I went to a big public high school in the Midwest that had all kinds of cliques.
There were nerds, jocks, cheerleaders, stoners, and loners. And, as with all public schools, there were also some tough and slightly scary kids.
When my oldest siblings went to the school, these tough kids were called “hoods,” but in my time we referred to them as “gangsters.” They weren't actually in gangs, but they had a certain attitude and swagger that in the '70s earned them this stylized moniker.
I moved easily through most of these cliques, but I stayed clear of the gangsters, partly out of fear and partly because I had very few classes with them, except for driver's education, which was a mandatory class for all students.
In driver's ed, we were given a classic busywork assignment: Once a week we had to find a news item that related to safety and submit a three-sentence summary of it on an index card. I usually completed mine in about four minutes.
However, one of my fellow students, whom I'll refer to here as Eugene, never seemed to have this assignment completed and was in danger of failing the class. I kindly offered to write a note card for Eugene each week, which he readily accepted. I should mention that Eugene was a particularly formidable and fearsome “gangster.”
All went well. Eugene and I passed the class, we each got our license, and then pretty much parted ways. Until one day in the lunchroom.
I was in the cafeteria waiting to purchase my usual chicken fried steak with gravy and a chocolate shake (wonderfully nutritious), when a kid in front of me allowed his friend to jump the line. Within minutes, four more friends jumped the line. I got mad, took my tray, and walked in front of all of them.
What I neglected to notice, however, was that they were all gangsters. And things started getting hairy. “Man,” said a voice behind me, “I never had a little smart boy jump in front of me like that.”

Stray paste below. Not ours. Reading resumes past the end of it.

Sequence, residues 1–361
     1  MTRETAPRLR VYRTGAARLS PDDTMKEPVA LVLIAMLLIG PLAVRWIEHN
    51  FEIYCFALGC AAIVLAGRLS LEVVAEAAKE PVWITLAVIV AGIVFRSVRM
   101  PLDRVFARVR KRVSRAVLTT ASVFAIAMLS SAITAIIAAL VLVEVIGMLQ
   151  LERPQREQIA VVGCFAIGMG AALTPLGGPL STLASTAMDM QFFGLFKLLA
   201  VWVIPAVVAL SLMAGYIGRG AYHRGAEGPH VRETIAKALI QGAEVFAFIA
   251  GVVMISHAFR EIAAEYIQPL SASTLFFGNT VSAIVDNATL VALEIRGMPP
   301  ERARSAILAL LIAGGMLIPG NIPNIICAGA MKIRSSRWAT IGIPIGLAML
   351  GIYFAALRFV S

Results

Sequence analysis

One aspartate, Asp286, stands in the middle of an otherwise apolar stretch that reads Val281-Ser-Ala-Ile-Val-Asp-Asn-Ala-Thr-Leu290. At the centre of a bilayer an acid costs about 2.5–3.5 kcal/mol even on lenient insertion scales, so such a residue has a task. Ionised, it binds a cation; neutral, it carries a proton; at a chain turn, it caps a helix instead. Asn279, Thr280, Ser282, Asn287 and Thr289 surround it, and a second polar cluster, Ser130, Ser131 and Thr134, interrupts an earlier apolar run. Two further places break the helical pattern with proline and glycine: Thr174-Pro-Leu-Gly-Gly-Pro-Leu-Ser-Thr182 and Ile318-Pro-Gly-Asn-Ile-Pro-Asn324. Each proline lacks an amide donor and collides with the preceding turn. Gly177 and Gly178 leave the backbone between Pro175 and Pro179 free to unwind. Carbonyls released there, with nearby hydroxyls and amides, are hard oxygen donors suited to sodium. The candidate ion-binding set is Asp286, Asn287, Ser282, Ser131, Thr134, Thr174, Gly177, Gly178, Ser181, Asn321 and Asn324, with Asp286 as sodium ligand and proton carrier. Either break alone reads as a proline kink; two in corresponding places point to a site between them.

Then another voice: “Who the hell does he think he is?”
I was sweating. There were no adults nearby and I debated making a run for it. And then came salvation:
“It's all right,” said a voice. “He's cool.”
It was Eugene. He saved me. But he did more than that. He taught me a valuable lesson about organizational life: It pays to be nice to people.
When I was an executive recruiter, I was regularly besieged with requests to meet with candidates that were looking for work. Many of them did not match the qualifications for the jobs we were trying to fill, but I tried to meet with all of them, particularly if they were referrals from someone I knew.
I met with them for two reasons. First, I was in the business of knowing talent, so it was worth my time to meet people. The second reason, however, was more idealistic, and based on the belief that one act of kindness would lead to another one.
And it often did. One of my favorite assignments – to find the head of communications for the Los Angeles Dodgers – was referred to me by a consultant to the team whom I had helped when she first moved to Los Angeles. I barely remembered helping her, but she obviously remembered it well.
So on those days when one too many people ask a favor and my instinct is to say no, I channel my inner Eugene, and trust that in fact kindness does beget kindness.
Don Spetner has served as CCO for Nissan North America, Sun-America, and Korn/Ferry International. He can be reached at firstname.lastname@example.org.